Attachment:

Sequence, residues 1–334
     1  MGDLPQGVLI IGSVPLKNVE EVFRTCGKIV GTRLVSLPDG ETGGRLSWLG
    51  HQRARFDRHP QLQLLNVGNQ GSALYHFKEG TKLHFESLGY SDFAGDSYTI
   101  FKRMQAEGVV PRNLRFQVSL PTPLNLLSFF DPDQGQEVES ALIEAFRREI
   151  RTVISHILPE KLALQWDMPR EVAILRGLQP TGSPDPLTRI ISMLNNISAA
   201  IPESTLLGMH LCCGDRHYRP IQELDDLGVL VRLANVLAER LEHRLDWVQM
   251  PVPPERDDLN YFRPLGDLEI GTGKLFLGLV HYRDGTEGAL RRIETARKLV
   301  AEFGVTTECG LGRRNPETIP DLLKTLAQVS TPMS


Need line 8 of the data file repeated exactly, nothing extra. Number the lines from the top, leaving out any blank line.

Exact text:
   301  AEFGVTTECG LGRRNPETIP DLLKTLAQVS TPMS